Setting Up For Windows

GameMaker Studio 2 Desktop comes with three export platforms: Windows, Mac and Ubuntu. In this article we give the required steps to get the Windows platform up and running on both the Windows and Mac IDEs.

 

General Information

After installing and running GameMaker Studio 2 on a PC you should be able to test projects immediately using the "Windows" target using the Targets Manager window, located in the top right of the main GMS2 workspace:

Windows_Targets.png

(If you previously had a free Trial license, then you will be used to seeing the "Test" target here, but this psuedo-target will no longer be listed once you have the Desktop module.)

For the Windows target platform you can see that there are two output options:

  • VM - This will build your game using interpreted code. 
  • YYC - This will build you game using compiled native code.

The VM option will build your game and use interpreted code within a special YoYo Runner. The performance of this target is less optimised than YYC, but it is faster to compile and offers the ability to run in debug mode (if you target the YYC and try to do a debug run, GameMakerStudio 2 will notify you that the build will be completed using VM instead). The YYC target gives much greater optimisation and a corresponding performance boost, especially with logic-heavy games, but be aware projects will take more  time to compile.

When compiling for VM, GameMaker Studio 2 requires no further setup, as VM builds do not require Visual Studio or any other external tools to be installed on your PC. Of course, later on, you will need to make sure that your Windows Game Options are correct before trying to build/publish your project (see the manual for more information).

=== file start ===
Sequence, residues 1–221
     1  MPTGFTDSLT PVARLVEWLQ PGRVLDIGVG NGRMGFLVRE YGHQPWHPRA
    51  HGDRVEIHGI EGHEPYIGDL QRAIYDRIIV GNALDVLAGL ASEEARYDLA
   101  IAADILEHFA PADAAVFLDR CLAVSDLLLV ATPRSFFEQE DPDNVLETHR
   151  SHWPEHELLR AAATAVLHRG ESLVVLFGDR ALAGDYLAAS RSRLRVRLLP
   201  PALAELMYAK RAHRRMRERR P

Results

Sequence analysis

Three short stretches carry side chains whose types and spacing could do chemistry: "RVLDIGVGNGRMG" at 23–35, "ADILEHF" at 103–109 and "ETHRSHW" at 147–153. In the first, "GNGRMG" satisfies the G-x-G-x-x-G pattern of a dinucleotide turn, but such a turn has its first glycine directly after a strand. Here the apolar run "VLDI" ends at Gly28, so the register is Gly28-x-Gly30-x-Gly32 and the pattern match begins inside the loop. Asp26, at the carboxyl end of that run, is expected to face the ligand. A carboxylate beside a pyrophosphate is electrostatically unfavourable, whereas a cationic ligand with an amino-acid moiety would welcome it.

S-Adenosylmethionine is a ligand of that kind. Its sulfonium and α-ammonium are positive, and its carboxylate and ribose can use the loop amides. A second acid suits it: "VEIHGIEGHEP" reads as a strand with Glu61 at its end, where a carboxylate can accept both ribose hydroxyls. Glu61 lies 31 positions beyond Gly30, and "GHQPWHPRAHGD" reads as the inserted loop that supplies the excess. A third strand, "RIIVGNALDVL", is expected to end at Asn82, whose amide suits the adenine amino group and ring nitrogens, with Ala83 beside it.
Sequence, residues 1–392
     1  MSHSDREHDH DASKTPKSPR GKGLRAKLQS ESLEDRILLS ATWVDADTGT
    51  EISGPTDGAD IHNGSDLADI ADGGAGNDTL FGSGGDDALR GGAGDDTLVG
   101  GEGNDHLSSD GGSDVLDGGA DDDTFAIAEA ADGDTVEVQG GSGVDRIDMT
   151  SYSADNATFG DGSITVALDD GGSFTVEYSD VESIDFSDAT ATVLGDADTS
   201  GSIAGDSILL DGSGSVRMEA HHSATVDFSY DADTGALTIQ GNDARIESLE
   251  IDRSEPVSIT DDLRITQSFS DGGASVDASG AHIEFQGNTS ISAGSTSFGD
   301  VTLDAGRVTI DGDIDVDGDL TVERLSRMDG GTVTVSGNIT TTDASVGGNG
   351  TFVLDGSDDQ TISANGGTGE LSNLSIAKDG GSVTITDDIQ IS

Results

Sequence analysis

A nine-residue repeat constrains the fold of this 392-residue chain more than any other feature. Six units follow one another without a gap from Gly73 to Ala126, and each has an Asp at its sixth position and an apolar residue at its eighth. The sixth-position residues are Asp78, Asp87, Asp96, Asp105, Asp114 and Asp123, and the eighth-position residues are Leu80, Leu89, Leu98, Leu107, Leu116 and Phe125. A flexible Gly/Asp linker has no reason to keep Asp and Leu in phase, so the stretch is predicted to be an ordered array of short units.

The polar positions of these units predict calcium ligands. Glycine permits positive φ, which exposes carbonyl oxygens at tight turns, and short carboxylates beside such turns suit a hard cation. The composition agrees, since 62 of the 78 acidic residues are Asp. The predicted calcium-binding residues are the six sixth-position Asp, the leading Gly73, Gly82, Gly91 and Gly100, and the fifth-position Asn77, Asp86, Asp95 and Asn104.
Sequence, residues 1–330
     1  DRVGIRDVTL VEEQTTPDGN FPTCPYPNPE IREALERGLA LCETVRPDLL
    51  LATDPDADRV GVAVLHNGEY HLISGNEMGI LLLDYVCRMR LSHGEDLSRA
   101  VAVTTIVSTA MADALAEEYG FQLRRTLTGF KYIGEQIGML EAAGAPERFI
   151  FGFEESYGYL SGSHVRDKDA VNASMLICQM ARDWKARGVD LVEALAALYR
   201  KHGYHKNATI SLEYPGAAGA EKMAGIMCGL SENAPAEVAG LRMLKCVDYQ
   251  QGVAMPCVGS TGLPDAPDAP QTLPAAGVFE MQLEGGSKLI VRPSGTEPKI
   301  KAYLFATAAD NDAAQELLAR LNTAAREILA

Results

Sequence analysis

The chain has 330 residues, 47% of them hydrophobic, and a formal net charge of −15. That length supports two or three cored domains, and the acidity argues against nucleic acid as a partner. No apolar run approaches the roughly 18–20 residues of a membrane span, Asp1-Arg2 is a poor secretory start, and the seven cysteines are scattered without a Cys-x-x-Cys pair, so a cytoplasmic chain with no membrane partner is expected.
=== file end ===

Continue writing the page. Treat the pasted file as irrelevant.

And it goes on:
If you wish to compile using YYC or you are using the Mac IDE, then you will need to do a couple of additional steps...

 

Setting Up A Remote Worker (Mac IDE)

To compile your project from the macOS IDE to Windows you will need to use the GameMaker Studio 2 Remote Worker app. This requires you to have a windows PC and have it visible to your Mac over a LAN. For information on how to connect your Mac and PC in this way, please see this Apple Support article:

macOS Sierra: Connect to a Windows computer from a Mac

Once you have your Mac and PC connected and are able to transfer files between them, you need to open GameMaker Studio 2 and click on the Target Manager and then click the "eye" icon to find the Remote Worker Installer folder:

Target_Manager_Install_Remote.png

This will open Finder on the folder with the Remote Worker Installer executable, as shown below. Use Finder to now copy this Windows executable file to a location on your PC.

Remote_Worker_In_Finder.png

Once you have copied the remote worker setup file over, it needs to be installed on the PC (you do not need to install GameMaker Studio 2 itself, just the Remote Worker). When finished, it will run and in doign so open your default browser to the Remote Worker Welcome Page: